PITTSBURGH (KDKA) – Justin Rushin’s blood pressure was way higher than the normal 120 over 80, despite increasing amounts of medicine.
“It was in the 200 range, the upper number,” Justin said.
His father had similar problems.
“He ended up on dialysis. His last years were not pleasant,” Justin said. “I knew what my father went through, and I didn’t like the level of medication I was on.”
On multiple medicines at maximum doses, he was lightheaded and his pulse was slow.
His doctors thought he would be a good candidate for a different approach — a surgical approach.
A device similar to a pacemaker is placed in the upper chest, with leads going up into the neck to give electrical impulses to the carotid artery.
In the area of where this important vessel branches, nerve endings called the baroreceptors are the target of the signals.
The signals go to the brain, which then tells not just the blood vessels to relax, but also other organs of the body — like the heart and kidneys.
The settings are adjusted wirelessly by computer.
“Each patient is titrated and planned specifically for that patient’s needs,” says Bill Craig of device maker CVRx. “By changing the pulse width, amplitude, and frequency, we are able to get results of less than 140, which is favorable in this case.”
The device, which is in its second version with smaller electrodes, is still in the testing phase. Plans for presentation to the Food and Drug Administration for approval could be soon, depending on the blood pressure data being gathered across the country.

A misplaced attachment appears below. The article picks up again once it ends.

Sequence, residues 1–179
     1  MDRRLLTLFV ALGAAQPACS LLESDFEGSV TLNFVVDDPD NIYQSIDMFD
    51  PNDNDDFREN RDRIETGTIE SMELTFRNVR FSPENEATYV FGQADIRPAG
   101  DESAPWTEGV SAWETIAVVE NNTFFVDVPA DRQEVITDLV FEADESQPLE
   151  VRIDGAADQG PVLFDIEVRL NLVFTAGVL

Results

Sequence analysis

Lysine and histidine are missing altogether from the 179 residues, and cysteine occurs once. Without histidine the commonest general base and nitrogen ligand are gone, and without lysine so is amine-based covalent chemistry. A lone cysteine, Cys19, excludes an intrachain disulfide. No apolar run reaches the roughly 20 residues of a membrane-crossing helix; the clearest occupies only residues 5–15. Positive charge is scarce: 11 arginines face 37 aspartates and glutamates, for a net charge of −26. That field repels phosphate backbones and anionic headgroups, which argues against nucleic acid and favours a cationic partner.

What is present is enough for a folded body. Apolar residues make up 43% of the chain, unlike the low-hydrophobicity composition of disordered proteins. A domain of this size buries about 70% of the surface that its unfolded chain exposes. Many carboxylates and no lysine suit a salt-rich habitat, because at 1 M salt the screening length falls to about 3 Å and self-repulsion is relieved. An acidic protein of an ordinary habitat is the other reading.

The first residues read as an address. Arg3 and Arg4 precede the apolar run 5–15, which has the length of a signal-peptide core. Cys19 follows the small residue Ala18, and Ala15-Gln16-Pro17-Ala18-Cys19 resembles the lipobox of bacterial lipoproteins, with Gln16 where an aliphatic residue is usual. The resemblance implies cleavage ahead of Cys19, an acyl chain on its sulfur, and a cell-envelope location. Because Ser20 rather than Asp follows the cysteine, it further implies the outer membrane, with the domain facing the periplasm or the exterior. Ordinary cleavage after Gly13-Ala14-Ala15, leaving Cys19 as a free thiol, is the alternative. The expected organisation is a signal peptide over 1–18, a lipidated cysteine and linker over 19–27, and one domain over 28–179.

For that reason, the doctors are looking for people who can reliably come in for follow up.
“We implanted 11,” says Sheila Bernardi, RN, the study coordinator. “Every one of the patients told me they feel better.”
“Almost all of them have had a reduction in their need for blood pressure medicine. No one has come off medicine. I don’t think patients should see this as a perfect cure for blood pressure problems,” says Dr. Satish Muluk, a vascular surgeon at Allegheny General Hospital and lead investigator.
Despite having procedures to change the batteries, Justin says the device is worth the hassle, and much better than medicine.
“My doctor would like them at 120 over 80,” Justin says about his blood pressures. “At two and a half [medications], I’m at the 135/85 range. I’d love to get to zero [medication], but I don’t know if that’s feasible.”
It would helpful to be able to analyze more meaningful outcomes, for example, reduction in kidney failure, stroke, death — things we’re trying to prevent by treating high blood pressure. But it could take years to get that information.